t would be difficult, long and tough for specialists to detail what is that Pope Francis effectively reformed with his motu propio on the approval of the new law for Vatican City State, published on December 6. However, this reform can at least show some of the modus operandi of Pope Francis’ reforms since the beginning of the Pontificate.
First of all, a clarification is needed: the reform of the Vatican City State administration is not the Curia reform. Pope Francis did not change the government of the universal Church. He rather changed the organization of the administration of the State. It is different.
Vatican City State exists to give the Holy See a territory, thus safeguarding its sovereignty. As head of the Vatican City State, the Pope is not a citizen of any other State, and the same is true of those Cardinals and officials of the Holy See, who have Vatican passports, and hold a functional citizenship that guarantees independence.
It is not by chance that the goal of the reform is that of “making even more clear the particular institutional finality of the Vatican City State, called by its nature to guarantee the See of Peter the absolute and visible independence.”
The criteria of the reform – an explanatory note of Vatican City State reads – were “functionality, transparency, normative coherence and organizational flexibility.”
In the end, the reform is about changing the way the administration is managed, and, in the end, achieving a reduction of costs. This is one of the goals of Pope Francis’ pontificate.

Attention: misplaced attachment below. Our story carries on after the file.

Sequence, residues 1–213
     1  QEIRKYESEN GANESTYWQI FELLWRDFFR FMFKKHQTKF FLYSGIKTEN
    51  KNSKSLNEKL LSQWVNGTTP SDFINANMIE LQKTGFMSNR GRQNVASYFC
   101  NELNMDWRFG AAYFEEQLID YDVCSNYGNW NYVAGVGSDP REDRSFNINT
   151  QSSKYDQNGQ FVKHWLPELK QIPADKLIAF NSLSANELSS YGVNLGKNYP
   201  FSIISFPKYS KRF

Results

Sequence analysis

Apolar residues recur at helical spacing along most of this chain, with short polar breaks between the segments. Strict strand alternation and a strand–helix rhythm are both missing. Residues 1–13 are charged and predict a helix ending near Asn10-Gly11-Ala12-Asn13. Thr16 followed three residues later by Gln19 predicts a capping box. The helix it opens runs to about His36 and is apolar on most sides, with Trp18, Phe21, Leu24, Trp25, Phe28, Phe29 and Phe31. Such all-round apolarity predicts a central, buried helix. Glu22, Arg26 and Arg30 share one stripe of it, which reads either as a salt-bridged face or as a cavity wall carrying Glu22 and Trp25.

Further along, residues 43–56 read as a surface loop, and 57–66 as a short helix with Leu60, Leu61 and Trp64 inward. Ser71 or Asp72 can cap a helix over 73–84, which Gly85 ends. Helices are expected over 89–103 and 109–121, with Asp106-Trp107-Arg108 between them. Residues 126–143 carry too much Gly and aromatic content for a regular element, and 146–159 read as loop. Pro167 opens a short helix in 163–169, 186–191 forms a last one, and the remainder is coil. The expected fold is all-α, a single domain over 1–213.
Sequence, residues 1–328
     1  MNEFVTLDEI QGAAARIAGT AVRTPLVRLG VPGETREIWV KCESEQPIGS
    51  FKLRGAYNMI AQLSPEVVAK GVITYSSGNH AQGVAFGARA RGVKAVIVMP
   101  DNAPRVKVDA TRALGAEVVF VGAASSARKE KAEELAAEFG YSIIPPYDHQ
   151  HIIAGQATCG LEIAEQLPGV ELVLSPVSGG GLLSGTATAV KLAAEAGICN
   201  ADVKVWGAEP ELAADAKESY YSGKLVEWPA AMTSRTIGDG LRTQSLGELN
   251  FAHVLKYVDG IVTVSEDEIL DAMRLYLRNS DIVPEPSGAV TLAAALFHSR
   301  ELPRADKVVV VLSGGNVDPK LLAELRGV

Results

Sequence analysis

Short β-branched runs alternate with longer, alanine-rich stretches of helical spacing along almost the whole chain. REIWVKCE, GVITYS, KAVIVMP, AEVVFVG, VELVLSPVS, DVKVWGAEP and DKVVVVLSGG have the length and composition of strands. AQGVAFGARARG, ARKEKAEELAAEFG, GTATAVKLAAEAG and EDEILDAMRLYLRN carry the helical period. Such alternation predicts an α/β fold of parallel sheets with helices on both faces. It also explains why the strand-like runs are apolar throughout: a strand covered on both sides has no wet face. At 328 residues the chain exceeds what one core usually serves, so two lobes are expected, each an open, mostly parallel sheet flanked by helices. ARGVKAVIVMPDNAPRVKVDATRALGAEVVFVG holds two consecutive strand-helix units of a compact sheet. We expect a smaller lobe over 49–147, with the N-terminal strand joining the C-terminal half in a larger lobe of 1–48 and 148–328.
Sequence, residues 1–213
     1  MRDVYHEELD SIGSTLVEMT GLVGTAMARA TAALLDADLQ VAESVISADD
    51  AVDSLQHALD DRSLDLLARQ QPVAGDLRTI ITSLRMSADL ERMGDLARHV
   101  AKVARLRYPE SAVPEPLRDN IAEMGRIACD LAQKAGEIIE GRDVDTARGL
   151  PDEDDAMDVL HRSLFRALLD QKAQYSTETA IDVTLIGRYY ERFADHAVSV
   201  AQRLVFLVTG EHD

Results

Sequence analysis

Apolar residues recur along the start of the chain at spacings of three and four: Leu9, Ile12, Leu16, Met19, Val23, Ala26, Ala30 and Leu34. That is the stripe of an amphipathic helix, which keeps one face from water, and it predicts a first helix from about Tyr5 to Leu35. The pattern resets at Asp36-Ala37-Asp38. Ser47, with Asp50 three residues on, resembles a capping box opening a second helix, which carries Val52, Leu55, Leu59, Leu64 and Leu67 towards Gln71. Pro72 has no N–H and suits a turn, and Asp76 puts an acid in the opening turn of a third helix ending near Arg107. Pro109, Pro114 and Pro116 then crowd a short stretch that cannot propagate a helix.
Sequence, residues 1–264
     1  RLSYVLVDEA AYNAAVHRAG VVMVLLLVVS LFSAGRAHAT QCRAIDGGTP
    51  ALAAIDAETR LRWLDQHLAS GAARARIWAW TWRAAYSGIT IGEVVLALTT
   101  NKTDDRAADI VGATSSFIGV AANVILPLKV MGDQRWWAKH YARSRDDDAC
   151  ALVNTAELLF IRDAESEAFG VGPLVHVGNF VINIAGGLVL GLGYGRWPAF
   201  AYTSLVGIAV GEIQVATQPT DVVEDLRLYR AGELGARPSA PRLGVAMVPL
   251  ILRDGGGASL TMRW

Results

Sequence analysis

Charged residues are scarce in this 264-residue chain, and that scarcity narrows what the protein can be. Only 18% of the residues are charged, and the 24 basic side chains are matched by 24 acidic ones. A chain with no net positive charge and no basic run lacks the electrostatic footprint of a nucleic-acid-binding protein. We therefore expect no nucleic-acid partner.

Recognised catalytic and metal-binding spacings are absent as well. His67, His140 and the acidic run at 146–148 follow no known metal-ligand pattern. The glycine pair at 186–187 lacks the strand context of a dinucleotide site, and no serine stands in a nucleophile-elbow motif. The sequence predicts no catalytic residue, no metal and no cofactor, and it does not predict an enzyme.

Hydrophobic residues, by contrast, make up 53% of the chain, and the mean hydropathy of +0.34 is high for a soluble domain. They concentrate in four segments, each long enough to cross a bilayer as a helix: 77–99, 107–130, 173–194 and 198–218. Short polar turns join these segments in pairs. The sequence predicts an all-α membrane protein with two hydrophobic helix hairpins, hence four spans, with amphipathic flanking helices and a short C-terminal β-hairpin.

The Curia reform merged several pontifical councils in new dicasteries, and several competences coordinated by the single Dicastery for Communication, that became the umbrella of all the media department. Likewise, the reform of the Vatican City State is aiming at reducing offices.
Vatican City State administration branches decrease from 9 to 7, central offices from 5 to 2, while “attributions and competences of the operational bodies reorganized have been reviewed and aggregated according to the principle of functionality and effectiveness.”
The first talks of Curia reform also focused on the possibility to establish a “moderator Curiae”, and in general about the establishment of controlling bodies for dicasteries. Likewise, the Vatican governorate will have a control body, a “Control and Inspection Unit” with the “specific tasks of verifying norms and procedures of evaluation of the efficiency and effectiveness of the activities of the bodies.”
This control body will likely become crucial for the overall financial reform. At the beginning, the possibility of a unified balance sheet of the Holy See and Vatican City State was considered, but the real issue was controlling the State administration. The State administration generates the biggest profits, through the Vatican museums. And the State administration experienced mismanagement cases – the first Vatileaks was originated by a dispute on the cost of St. Peter’s Square Christmas tree put in place by the then secretary of the Governorate, Archbishop Carlo Maria Viganò.
The fact that there is a “directorate for the economy”, that distinguish Vatican City State from other Curia offices, show that there is the need for more transparency.
The reform totally changes the way the governatorate works. Vatican City State is always more closely aligned with Holy See action, and is not considered a reality per se.